IT executives leading their organizations through a digital transformation could accelerate their progress by following the money, starting with their marketing departments, attendees at the IDC Directions & Canadian CIO Symposium in Toronto were told last Thursday.
“Our marketing department seems to have more money than any other department, and they like to do things fast,” Helen Polatajko, a former CIO with CIBC Mellon, said during a CIO panel discussion at the annual industry conference, sponsored jointly by global tech consulting firm IDC, the Information Technology Association of Canada (ITAC), and IT World Canada (ITWC).
During a wide-ranging discussion titled Digital Transformation: The Executive Mandate for Investment, the three CIOs on the panel exchanged views on what the digital transformation means for them and the challenges they face. The panel, moderated by Jim Love, ITWC’s CIO and Chief Content Officer, included Polatajko, Charaka Kithulegoda, CIO at Tangerine, and Rob Miekle, CIO for the City of Toronto.
In the preceding session, IDC’s senior vice president and chief analyst, Frank Gens, told the audience that more than 80 per cent of Fortune 100 companies are expected to have digital transformation teams in place by the end of this year, focusing primarily on what IDC calls the Third Platform – mobile, social, cloud and big data.
Polatajko, whose resume also includes a stint at Canada Mortgage and Housing Corp. (CMHC), said one of the most compelling aspects of digital transformation for her is the opportunity to create new services and revenue streams.
Even a public-sector organization like the City of Toronto is examining digital revenue possibilities to help reduce the city’s reliance on taxes, said Miekle. “We’ve got to think a little bit different,” he added, “to take some of the pressure off.”
But ultimately, he noted, the success of digital transformation in Toronto will be measured by its impact on residents. “How do you bring those digital pieces together to improve the experience for those who live, work and play in the City of Toronto?” he asked. “One of the things we’ve realized is it’s a journey versus a destination.”
Customers often set the pace for innovation
As Canada’s first online bank, said Kithulegoda, digital transformation at Tangerine also comes down to the customer experience, and customers play a large
role in influencing the pace of change. While smart phone apps have attuned people to a world of continual updates, he observed, customers may only want three options instead of six – and CIOs should not get caught up in technology for the sake of technology.
In some cases in the past, technological change at Tangerine started in the back office, he said. But “when we have gone back to the basics of always looking at what our customers want, it has led to changes at the back.”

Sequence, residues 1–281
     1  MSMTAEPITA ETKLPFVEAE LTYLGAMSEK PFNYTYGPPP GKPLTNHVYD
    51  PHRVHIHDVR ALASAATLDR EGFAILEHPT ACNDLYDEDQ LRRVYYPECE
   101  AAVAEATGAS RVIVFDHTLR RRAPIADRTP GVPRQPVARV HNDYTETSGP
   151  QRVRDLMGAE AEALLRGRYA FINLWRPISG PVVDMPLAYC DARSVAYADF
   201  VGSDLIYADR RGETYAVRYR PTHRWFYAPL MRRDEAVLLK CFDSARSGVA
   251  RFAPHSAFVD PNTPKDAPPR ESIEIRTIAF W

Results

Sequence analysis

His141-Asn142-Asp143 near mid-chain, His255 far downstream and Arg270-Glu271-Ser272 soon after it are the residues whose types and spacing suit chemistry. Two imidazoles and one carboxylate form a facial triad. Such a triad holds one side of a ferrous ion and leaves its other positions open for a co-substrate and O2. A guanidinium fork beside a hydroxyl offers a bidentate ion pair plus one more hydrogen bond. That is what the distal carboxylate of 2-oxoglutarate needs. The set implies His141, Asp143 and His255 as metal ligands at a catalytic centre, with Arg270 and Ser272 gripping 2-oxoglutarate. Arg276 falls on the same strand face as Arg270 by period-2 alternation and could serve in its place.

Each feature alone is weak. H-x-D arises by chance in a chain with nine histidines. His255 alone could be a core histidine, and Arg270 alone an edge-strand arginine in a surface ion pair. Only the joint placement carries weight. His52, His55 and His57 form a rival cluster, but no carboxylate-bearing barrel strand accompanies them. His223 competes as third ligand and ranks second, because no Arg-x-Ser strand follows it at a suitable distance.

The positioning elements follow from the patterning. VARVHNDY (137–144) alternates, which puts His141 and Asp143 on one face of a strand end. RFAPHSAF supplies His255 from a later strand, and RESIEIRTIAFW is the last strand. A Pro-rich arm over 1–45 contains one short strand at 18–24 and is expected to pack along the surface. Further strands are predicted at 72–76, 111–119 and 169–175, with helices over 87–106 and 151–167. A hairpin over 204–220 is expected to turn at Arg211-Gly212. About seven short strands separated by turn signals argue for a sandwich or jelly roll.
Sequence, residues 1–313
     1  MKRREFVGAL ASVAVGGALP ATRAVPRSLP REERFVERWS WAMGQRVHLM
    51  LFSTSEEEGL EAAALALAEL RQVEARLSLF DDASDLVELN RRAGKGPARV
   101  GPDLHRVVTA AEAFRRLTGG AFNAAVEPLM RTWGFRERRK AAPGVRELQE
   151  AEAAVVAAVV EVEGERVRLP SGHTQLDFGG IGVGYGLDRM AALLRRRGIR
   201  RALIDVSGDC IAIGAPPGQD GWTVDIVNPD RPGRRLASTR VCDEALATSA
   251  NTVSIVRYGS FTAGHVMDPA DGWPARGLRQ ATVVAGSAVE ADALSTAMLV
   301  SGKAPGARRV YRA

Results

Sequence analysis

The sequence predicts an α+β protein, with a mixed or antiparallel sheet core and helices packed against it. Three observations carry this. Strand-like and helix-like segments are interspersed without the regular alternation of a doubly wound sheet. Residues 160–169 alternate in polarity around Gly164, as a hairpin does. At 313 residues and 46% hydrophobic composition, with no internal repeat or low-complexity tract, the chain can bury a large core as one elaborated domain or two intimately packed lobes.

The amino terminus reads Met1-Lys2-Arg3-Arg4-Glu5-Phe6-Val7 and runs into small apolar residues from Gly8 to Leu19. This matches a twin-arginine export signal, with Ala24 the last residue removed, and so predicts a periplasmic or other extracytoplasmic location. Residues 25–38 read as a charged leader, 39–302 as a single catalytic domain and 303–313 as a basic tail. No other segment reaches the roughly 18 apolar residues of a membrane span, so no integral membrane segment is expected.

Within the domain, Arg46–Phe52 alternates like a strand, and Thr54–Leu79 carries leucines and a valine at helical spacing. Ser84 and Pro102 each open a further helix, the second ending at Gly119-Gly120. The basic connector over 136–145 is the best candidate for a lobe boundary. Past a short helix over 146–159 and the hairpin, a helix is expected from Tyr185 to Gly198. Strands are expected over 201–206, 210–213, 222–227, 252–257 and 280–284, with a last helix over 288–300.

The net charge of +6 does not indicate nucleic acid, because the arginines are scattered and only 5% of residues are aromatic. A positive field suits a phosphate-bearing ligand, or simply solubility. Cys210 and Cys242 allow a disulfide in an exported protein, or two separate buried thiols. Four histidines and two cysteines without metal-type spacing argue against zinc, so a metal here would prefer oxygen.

Through it all, added Kithulegoda, data security, privacy and transparency have reigned supreme. “In a straightforward way, we tell customers what we want
to use the information for and we ask their consent,” he explained. “Not everybody wants to use these things. If you want to use it, opt in and we’ll take you on the journey.”
For private-sector firms, Polatajko noted, digital transformation is also driven to a large degree by the competitive landscape. “It’s the competitive nature of business that’s going to force us into a particular space, whether our people like it or not,” she said.
The CIO’s role has become increasingly ambiguous because technology is embedded in so many aspects of an operation today, said Miekle. That trend has underlined the importance of having a vision for digital transformation that includes a strategic trajectory towards demonstrable progress.
“Progression in my world is very important because elected officials are elected for four years,” he told the audience. “They’ve got to demonstrate tangible results before the next election.”
Don’t be afraid to fail
To build discipline into the process and remove some of the emotion from decision-making, Miekle said his team has created procedures like a “cloud decision framework,” which makes cloud-related decisions easier by looking at aspects such as total cost of ownership over an extended period.
Partnering with the right team members and departments can be critical in achieving progress, the panel members agreed. Miekle said he has tried to engage teams with two-way communication, focusing on those individuals with a clear passion for customer service and technology.
In one instance, he noted, he arranged a team meeting focused entirely on innovation, which produced three new ideas to move forward with. “For me, the game-changer has been people’s attitudes,” he added. “If we can unleash them, we’ve seen some great ideas come forward.”
Borrowing from startup culture, CIO’s should move forward with prototypes and should not be afraid to fail, said Polatajko.
But fail fast, she recommended, and move on with the next iteration. CIO’s should also follow in the footsteps of paradigm-shifters like Uber, she added, and should be bold enough to break conventional business rules when necessary.